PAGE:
In their journey towards becoming healthcare professionals, students develop a range of beliefs and attitudes about the professions for which they are preparing themselves. They develop an understanding about the boundaries of their profession, and the ways in which they may interact with others as part of an interprofessional healthcare team. These sets of beliefs, attitudes and understanding about their roles, within the context of work, generally refer to their ‘professional identity’ (Adams et al., 2006; Lingard et al., 2002).
Professional identity formation:
- can be framed within the context of social identity
- is a systematic way of evaluating, identifying and organising the perception of self (Erikson, 1968)
- concerns group interactions in the workplace and relates to how people compare and differentiate themselves from other professional groups
- helps students to gain a realistic view of the profession
- consists of exploring the available alternatives and committing to some choices and goals; students are seen as active participants in the formation of their professional identity (Niemi, 1997).
Social identity theory suggests that the attitudes and behaviours of members of one professional healthcare group towards another are governed by the strength and relevance of the members’ social identity (Tajfel and Turner, 2001; Turner, 1999).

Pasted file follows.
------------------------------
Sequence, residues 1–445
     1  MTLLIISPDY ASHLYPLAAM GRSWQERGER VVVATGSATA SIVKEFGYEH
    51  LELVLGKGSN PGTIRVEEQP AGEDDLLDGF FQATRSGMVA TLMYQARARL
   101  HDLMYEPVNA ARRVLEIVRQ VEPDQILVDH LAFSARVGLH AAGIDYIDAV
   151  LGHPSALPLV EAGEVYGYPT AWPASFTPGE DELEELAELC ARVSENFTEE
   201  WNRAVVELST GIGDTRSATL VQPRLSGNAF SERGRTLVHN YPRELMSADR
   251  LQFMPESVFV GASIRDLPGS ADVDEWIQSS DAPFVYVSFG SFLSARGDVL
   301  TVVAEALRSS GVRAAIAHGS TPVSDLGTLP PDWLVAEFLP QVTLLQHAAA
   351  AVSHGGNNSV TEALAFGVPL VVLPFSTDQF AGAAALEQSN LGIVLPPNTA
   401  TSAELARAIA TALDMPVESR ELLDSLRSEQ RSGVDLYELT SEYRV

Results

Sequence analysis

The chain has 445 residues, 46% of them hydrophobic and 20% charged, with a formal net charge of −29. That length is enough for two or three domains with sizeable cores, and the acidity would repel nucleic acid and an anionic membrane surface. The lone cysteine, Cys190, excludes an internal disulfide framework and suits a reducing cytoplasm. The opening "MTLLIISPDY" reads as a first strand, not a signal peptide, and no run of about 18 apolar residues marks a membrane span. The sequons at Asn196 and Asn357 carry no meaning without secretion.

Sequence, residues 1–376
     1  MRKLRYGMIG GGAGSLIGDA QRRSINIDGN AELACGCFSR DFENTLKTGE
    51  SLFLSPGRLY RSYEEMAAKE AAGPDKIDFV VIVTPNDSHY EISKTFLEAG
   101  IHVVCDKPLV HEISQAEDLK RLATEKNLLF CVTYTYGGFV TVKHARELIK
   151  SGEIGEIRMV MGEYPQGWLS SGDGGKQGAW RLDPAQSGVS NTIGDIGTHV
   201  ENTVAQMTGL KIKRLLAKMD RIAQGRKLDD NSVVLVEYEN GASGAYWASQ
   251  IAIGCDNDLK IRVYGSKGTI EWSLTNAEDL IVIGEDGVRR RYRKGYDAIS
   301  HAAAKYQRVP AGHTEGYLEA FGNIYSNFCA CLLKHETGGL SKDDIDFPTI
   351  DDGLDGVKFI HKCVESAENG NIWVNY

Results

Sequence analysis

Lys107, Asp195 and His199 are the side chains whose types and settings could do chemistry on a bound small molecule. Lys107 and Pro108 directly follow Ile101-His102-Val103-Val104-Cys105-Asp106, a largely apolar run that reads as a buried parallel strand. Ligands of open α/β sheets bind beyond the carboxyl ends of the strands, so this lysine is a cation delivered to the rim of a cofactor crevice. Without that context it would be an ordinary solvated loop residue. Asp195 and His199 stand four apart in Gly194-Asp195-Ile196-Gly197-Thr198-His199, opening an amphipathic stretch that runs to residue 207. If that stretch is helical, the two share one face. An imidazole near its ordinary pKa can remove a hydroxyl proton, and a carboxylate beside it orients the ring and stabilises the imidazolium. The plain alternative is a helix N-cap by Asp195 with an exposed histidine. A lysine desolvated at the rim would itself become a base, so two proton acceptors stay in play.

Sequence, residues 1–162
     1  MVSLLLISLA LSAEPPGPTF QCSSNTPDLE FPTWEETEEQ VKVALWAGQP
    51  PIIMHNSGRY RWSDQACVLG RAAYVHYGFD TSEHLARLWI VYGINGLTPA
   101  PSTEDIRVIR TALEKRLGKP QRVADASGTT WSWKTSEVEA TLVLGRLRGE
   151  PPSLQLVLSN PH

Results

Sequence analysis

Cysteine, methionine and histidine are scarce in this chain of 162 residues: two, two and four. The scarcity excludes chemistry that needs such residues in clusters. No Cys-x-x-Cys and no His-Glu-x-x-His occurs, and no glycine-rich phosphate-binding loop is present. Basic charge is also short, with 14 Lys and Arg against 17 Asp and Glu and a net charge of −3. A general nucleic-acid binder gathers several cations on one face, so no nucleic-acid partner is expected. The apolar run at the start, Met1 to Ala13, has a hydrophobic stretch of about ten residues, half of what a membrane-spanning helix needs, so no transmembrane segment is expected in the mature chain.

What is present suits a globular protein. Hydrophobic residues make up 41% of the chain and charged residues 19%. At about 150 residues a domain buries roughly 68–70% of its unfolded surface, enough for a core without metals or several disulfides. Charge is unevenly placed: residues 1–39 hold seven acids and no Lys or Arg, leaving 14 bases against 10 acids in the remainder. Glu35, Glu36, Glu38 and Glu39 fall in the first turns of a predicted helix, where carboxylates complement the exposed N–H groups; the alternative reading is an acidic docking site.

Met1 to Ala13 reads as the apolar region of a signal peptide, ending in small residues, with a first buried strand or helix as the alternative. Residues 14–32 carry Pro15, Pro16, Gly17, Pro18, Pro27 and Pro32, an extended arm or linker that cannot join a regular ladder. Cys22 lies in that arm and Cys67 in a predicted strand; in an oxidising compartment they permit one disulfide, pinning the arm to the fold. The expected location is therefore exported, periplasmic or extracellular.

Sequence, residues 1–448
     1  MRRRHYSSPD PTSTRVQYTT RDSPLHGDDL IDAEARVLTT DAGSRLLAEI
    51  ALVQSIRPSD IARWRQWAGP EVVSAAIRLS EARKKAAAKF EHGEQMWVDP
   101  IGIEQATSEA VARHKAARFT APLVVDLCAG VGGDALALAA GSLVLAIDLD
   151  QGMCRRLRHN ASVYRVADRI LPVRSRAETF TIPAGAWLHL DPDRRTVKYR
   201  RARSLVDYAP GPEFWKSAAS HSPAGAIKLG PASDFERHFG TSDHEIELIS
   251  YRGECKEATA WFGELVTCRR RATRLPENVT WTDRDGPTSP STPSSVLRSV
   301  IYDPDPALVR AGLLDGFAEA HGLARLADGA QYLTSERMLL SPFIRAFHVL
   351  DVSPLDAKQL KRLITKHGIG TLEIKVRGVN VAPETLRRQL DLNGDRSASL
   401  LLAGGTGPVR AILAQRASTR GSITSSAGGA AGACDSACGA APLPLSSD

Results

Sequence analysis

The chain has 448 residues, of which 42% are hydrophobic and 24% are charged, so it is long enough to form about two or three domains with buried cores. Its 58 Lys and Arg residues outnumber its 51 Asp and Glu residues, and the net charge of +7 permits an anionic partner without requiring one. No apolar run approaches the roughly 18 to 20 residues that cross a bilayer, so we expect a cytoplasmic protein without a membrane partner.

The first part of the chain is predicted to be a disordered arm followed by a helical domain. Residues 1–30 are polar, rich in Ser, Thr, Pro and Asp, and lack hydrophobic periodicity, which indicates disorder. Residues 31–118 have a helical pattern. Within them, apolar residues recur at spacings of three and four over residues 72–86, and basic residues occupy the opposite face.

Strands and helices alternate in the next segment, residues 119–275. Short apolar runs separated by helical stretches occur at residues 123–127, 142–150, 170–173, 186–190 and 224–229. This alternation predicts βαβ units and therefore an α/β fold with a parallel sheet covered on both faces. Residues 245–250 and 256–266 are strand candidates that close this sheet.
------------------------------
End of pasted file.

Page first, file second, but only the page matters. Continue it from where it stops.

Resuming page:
Healthcare teams have been described as the centre of both the clinical education of new healthcare professionals and patient care (Lingard et al., 2002). The discourse that team members engage in (the verbal and non–verbal communication that they engage in during the course of both activities) is a key way in which new health professionals are socialised into teams (Sinclair, 1997; Haber and Lingard, 2001). During early participation, they obtain gradual responsibility and supervised involvement within the field, developing an overview of their profession, and an understanding of professional goals, values and limitations.
Challenges associated with professional identity formation
- When confronted by contradictory and ambiguous situations and experiences, individuals engage in self-reflection and questioning of the personal view; identity is reshaped as a result (Niemi, 1997).
- Professional identity is constructed through discourse between individuals, and identities are continually being constructed and altered (Bleakley, 2004).
- Power processes in team-based work are processes of meaning and identity formation (Bleakley, 2004). These induce the team members to consent to dominant organisational views even if these pose potential disadvantages (Dooreward and Brouns, 2003).